Chafee bowed out with a plea for “an end to the endless wars and the beginning of a new era for the United States and humanity.”
“Do we want to be remembered as a bomber of weddings and hospitals?” Chafee said. “Or do we want to be remembered as peacemakers, as pioneers of a more harmonious world?
Chafee’s exit further narrows a Democratic field led by Hillary Rodham Clinton and Sen. Bernie Sanders (I-Vt.) that also includes former Maryland governor Martin O’Malley.
Vice President Joe Biden announced Wednesday that he would not make a late entry into the race, and former Virginia senator Jim Webb dropped out of the Democratic race earlier this week, leaving open the possibility of an independent bid.
Clinton, Sanders and O’Malley were all scheduled to address the same DNC forum in Washington later Friday morning.
Speaking at the forum, DNC Chairwoman Debbie Wasserman Schultz called Chafee “a class act” and said she looks forward to him continuing to campaign for Democrats.
Chafee was polling at less than 1 percent in recent national polls and averaging less than 1 percent in recent polls from Iowa and New Hampshire, the first two nominating states, according to Real Clear Politics.
Chafee, a former Republican, made a splash in the run-up to the launch of his bid, saying in an interview that Clinton’s 2002 Senate vote to authorize military action in Iraq should disqualify her from becoming commander in chief.
Coverage of his campaign announcement in June was dominated by his embrace of the metric system — "it doesn’t take long before 34 degrees is hot" — and Chafee never seemed to get on track after that.
He was largely a bystander in the first Democratic debate this month in Las Vegas, and through September, he had raised only $44,506 for his candidacy. According to Democracy in Action, a watchdog group, Chafee spent 35 days campaigning in New Hampshire, more than any other candidate. Visits to states that were further from his native Rhode Island were more scarce — just four in Iowa and two in South Carolina.
Chafee's presidential race was the least successful of his career — a career twice boosted by happenstance. In 1999, when Rhode Island Sen. John Chafee died, the state's Republican governor handed the seat to his son, Lincoln. By his own admission, the new senator (and former mayor of Warwick, R.I.) was befuddled by the job, telling CNN's Anderson Cooper last week that he voted for a major banking reform bill because he'd "just arrived at the Senate" and thought he'd get some do-overs. He won a full term in 2000 even after admitting to some youthful and regrettable experiments with drugs.
"Now when I hear someone talking about a Rhode Island politician whose father was a senator, who got to Washington based on his family name, used cocaine, and wasn't very smart, I know there's only a 50-50 chance it's me," then-Rep. Patrick Kennedy, the Democratic son of Edward M. Kennedy, joked at a 2001 Providence political roast.
Meanwhile, Chafee established himself as perhaps the most liberal member of the Republican conference. He opposed the Iraq War, and several of President George W. Bush's policy initiatives. In 2006 he faced a stiff, Club for Growth-backed primary challenge from the conservative Cranston, R.I., mayor, Steve Laffey, who considered Chafee a lightweight.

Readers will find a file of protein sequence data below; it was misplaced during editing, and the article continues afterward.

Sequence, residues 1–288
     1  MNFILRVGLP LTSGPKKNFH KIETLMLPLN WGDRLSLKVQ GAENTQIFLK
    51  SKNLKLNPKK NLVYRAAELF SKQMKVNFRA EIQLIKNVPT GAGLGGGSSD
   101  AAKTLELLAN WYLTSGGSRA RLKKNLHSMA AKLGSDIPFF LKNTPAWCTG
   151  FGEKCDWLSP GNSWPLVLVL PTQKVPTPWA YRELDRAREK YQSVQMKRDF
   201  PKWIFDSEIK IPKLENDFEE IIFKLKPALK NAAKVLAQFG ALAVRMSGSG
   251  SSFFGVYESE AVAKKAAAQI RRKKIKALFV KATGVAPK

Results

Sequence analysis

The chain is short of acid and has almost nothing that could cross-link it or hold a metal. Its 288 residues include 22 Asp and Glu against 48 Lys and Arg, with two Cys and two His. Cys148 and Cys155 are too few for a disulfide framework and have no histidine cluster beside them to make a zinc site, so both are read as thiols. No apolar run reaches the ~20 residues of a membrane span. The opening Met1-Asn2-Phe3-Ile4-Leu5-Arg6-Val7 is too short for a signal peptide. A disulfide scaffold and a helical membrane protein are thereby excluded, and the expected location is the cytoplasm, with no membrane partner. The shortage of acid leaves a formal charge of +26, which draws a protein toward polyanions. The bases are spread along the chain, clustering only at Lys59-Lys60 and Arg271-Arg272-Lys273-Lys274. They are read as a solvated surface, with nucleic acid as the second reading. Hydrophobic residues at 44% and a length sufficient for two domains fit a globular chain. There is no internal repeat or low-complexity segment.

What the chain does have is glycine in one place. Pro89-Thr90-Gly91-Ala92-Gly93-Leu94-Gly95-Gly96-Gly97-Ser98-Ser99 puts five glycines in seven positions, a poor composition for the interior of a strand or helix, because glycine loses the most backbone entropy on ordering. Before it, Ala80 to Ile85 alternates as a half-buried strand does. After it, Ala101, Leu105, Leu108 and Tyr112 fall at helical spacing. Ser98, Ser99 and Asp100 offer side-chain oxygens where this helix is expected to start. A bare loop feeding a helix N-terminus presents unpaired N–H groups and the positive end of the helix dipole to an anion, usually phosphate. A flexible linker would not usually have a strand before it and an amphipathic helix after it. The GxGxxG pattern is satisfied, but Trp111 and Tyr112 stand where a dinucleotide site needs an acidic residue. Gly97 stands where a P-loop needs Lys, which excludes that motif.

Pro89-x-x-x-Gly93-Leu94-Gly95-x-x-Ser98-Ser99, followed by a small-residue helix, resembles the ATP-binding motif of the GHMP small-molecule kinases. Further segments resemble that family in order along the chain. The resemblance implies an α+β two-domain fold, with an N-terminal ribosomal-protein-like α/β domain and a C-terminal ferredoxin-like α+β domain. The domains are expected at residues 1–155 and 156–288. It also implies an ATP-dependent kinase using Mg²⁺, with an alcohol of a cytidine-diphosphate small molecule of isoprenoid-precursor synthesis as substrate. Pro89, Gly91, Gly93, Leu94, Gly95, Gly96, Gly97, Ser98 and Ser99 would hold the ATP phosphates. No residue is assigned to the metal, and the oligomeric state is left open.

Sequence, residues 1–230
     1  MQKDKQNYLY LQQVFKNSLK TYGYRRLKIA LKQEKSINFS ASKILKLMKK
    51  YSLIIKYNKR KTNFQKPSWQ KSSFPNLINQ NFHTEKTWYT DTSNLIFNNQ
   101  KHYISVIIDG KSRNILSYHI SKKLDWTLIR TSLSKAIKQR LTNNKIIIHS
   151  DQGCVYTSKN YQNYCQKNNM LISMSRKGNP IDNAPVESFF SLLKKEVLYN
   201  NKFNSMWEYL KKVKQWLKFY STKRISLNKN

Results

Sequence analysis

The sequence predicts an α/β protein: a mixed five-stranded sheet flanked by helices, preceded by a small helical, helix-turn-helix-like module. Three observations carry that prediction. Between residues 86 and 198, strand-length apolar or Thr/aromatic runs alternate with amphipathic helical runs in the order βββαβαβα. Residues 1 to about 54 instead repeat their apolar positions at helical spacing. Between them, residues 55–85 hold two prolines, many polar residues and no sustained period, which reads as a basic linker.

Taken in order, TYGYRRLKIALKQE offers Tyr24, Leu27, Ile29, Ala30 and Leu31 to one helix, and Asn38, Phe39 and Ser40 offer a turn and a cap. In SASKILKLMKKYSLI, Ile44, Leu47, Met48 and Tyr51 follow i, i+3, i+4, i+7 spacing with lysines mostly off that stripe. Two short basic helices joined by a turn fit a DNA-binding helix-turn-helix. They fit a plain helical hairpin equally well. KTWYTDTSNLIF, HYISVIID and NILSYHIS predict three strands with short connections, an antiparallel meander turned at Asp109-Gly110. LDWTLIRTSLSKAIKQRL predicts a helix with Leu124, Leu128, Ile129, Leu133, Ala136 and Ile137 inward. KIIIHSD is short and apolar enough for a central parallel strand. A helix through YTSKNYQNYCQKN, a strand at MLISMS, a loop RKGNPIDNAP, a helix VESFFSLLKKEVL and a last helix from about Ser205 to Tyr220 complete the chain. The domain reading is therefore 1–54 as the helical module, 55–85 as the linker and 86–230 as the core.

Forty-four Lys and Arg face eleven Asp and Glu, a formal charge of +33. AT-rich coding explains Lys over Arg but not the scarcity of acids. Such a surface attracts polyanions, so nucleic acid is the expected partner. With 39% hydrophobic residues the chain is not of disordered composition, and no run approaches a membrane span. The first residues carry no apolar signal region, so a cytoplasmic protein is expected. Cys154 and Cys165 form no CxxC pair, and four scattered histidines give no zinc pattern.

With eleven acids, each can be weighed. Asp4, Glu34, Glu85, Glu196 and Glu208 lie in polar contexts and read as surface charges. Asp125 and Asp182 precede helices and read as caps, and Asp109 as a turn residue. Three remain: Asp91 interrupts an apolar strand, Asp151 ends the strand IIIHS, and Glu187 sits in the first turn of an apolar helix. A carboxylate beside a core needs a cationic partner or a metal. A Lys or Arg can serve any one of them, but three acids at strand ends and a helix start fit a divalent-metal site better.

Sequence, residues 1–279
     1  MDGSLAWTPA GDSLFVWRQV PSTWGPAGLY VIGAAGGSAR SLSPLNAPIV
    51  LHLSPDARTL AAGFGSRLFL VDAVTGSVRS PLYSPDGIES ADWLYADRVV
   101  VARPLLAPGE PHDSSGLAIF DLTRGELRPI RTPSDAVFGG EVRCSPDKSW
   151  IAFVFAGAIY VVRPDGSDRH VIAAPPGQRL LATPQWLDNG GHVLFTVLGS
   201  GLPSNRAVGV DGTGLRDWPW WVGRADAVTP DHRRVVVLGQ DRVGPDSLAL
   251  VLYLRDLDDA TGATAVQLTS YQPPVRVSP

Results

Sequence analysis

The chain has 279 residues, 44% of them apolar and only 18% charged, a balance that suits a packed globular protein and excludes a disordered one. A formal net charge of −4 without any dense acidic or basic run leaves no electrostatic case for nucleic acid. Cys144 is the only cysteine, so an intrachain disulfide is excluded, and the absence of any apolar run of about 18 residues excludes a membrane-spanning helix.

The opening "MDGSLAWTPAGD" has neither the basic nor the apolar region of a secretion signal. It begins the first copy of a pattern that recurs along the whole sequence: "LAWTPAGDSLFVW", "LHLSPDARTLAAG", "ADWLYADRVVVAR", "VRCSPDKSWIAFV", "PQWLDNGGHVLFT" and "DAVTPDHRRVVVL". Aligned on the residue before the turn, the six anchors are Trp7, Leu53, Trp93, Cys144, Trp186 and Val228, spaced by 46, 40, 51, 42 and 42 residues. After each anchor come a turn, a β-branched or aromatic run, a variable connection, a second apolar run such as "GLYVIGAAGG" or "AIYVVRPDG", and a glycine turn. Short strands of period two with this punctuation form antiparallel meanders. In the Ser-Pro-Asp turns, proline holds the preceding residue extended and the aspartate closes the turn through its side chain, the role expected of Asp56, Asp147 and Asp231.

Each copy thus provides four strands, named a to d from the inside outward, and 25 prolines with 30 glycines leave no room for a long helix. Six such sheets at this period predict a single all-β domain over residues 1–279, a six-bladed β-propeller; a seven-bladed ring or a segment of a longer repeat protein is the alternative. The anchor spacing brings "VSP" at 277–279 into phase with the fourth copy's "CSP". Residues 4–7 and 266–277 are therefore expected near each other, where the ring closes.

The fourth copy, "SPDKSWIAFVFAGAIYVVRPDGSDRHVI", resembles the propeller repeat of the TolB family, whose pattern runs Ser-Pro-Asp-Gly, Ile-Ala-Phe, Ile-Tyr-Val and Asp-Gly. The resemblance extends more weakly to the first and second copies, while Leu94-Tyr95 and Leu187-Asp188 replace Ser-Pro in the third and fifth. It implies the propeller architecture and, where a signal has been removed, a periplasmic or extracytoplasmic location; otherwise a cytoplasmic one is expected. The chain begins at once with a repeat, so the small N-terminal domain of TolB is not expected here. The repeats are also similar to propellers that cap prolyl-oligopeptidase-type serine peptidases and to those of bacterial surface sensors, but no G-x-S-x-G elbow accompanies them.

"This guy's a U.S. senator?" Laffey recalled in his memoir, "Primary Mistake." "They can't all be like this, or we're really in trouble!"
Chafee, backed by national Republicans, won the primary but lost a general election to now-Sen. Sheldon Whitehouse (D-R.I.). He took a teaching job at Brown University, but made a surprise return to politics in 2010 as an independent candidate for governor. Chafee was running a strong third when the Democratic nominee, Frank Caprio, made a fateful gaffe. Told that President Obama would visit the state but not endorse him, Caprio said, "He can take his endorsement and really shove it as far as I'm concerned." His poll numbers cratered overnight, and liberal voters flocked to Chafee, who narrowly won.
It was not a recipe for a successful term. Chafee, who took office near the end of the Great Recession, was a distant and unpopular governor, deciding against reelection after polling showed him losing to any serious candidate. His exit from the political scene was welcomed; his decision to run for president inspired a baffled editorial from Rhode Island's biggest newspaper.
"His administration was marked by his persistent refusal to understand or address the state’s economic problems; a bizarre crusade against the use of the words “Christmas tree” to describe the state’s Christmas tree; prickly denunciations of people who challenged his policies; his hustling of a top aide, Richard Licht, into a judgeship, in violation of the spirit of the state’s revolving-door law; and a series of actions that seemed designed only to make life harder for the state’s struggling middle class," wrote the Providence Journal. "The idea that such a dismal record in an executive position would be a recommendation for the presidency (of the United States!) seems preposterous."
On the campaign trail, Chafee leaned more on his record as a naysaying senator than on his four years as governor. In what will have been his only debate performance, he went negative against Clinton for her Iraq War vote. The day after, when CNN asked when he would get out of the race, Chafee suggested that "the establishment does not want to hear an antiwar voice."
Yet Chafee strongly hinted at his exit from the race Thursday night with a tweet that said: "I look forward to speaking at DNC Women's Forum tomorrow morning. I'll address my future in the campaign there.”